Findings

If the multiple means that students engage with university systems are considered, it is possible to track individual activity throughout the entire student life cycle – from initial admission, through course progression and finally graduation and employment transitions. The combined data captured by various systems builds a detailed picture of the activities students, instructors, service areas and the institution as a whole undertake and can be used to improve relevance, efficiency and effectiveness in a higher education institution.

Originality/value

The paper outlines how academic analytics can be used to better inform institutions about their students learning support needs. The paper provides examples of IT automation that may allow for student user‐information to be translated into a personalised and semi‐automated support system for students.

Details

International Journal of Educational Management, vol. 24 no. 2
Type: Research Article
ISSN: 0951-354X

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Article
Publication date: 13 August 2019

Kyle M.L. Jones and Amy VanScoy

The purpose of this paper is to reveal how instructors discuss student data and information privacy in their syllabi.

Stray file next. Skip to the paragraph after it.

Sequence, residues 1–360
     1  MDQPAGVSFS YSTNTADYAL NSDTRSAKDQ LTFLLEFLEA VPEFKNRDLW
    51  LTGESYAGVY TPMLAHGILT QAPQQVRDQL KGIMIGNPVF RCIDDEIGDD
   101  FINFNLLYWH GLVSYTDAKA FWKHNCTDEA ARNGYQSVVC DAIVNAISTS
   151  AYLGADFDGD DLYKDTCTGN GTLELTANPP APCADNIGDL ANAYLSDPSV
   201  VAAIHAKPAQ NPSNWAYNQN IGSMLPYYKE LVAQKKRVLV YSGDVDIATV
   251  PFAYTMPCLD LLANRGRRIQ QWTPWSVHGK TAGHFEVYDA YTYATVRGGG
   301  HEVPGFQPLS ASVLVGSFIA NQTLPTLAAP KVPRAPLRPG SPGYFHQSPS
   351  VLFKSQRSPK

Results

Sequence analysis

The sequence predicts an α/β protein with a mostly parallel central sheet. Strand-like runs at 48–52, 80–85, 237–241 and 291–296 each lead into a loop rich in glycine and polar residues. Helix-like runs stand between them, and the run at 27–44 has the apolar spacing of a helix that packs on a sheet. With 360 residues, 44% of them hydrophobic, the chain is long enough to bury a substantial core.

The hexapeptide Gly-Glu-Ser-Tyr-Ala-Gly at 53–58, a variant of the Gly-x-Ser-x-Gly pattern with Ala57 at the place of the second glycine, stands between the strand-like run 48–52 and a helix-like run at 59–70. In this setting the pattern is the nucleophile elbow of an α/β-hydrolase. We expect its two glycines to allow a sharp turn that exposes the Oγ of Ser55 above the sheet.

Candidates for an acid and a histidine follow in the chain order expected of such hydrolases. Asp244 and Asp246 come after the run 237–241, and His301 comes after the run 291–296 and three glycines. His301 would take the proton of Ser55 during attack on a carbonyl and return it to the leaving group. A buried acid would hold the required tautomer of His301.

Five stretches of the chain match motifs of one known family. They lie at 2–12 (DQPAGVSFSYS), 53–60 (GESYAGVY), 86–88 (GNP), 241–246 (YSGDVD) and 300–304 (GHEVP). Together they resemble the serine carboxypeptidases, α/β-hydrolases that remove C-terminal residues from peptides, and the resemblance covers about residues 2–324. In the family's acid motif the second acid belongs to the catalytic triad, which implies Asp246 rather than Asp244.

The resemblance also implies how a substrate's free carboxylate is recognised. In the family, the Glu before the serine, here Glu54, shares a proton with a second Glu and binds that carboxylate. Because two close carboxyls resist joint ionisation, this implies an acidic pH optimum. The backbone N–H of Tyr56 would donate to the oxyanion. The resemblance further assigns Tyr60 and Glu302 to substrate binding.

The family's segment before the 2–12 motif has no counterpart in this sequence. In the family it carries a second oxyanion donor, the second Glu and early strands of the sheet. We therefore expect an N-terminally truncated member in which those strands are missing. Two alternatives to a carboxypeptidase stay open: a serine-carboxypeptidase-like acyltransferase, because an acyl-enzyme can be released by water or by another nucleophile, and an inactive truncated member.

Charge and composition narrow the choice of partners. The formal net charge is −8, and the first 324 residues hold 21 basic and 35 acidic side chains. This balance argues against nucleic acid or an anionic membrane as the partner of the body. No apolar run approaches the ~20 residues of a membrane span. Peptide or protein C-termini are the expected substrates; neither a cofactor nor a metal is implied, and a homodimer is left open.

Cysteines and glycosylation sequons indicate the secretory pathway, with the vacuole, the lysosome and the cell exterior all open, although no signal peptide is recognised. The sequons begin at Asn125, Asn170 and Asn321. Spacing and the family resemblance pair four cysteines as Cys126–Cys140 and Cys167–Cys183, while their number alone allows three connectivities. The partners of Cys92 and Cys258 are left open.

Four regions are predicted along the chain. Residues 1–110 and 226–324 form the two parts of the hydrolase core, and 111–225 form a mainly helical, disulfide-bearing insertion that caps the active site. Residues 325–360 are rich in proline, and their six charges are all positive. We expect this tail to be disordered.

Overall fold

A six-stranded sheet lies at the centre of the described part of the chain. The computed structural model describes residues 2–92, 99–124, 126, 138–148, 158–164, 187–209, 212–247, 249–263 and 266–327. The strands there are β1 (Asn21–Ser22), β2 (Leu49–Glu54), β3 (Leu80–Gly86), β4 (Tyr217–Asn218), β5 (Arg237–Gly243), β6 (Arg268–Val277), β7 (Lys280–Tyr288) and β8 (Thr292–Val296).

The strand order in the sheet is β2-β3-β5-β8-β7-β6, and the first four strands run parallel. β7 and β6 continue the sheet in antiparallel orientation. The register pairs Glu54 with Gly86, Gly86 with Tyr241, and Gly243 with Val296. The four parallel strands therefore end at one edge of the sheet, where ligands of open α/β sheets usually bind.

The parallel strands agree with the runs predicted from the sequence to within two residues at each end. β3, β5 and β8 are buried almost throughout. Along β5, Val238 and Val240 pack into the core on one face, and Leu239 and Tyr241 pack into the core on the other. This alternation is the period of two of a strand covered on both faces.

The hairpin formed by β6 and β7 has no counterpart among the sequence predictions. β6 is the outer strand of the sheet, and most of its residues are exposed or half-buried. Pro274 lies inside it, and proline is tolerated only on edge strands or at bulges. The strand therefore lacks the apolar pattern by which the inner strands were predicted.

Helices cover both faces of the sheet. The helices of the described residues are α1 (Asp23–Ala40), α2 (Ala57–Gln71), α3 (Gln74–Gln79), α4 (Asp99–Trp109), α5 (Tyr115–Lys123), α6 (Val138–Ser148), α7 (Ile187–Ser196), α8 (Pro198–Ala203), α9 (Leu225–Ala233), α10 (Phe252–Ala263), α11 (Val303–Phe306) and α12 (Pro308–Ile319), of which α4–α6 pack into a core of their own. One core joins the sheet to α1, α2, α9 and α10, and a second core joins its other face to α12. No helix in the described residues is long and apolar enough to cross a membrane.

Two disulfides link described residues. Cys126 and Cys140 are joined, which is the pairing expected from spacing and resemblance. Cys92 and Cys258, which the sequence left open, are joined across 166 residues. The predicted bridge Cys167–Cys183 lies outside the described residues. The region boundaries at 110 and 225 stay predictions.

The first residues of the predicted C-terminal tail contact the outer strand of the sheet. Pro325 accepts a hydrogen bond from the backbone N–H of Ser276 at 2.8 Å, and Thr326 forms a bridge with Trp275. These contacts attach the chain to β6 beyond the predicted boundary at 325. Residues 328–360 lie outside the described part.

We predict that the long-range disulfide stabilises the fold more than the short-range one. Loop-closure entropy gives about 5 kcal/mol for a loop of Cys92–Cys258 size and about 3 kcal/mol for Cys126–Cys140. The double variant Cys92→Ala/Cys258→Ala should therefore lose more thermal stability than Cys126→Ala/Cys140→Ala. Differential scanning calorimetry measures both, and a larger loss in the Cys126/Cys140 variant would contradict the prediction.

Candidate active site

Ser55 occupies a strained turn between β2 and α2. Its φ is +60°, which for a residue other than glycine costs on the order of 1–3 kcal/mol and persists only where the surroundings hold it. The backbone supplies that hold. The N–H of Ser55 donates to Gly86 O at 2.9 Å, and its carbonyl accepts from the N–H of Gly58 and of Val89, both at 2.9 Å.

Abstract

Purpose

The purpose of this paper is to reveal how instructors discuss student data and information privacy in their syllabi.

Design/methodology/approach

The authors collected a mixture of publicly accessible and privately disclosed syllabi from 8,302 library and information science (LIS) courses to extract privacy language. Using privacy concepts from the literature and emergent themes, the authors analyzed the corpus.

Findings

Most syllabi did not mention privacy (98 percent). Privacy tended to be mentioned in the context of digital tools, course communication, policies and assignments.

Research limitations/implications

The transferability of the findings is limited because they address only one field and professional discipline, LIS, and address syllabi for only online and hybrid courses.

Practical implications

The findings suggest a need for professional development for instructors related to student data privacy. The discussion provides recommendations for creating educational experiences that support syllabi development and constructive norming opportunities.

Social implications

Instructors may be making assumptions about the degree of privacy literacy among their students or not value student privacy. Each raises significant concerns if privacy is instrumental to intellectual freedom and processes critical to the educational experience.

Originality/value

In an age of educational data mining and analytics, this is one of the first studies to consider if and how instructors are addressing student data privacy in their courses, and the study initiates an important conversation for reflecting on privacy values and practices.

Details

Journal of Documentation, vol. 75 no. 6
Type: Research Article
ISSN: 0022-0418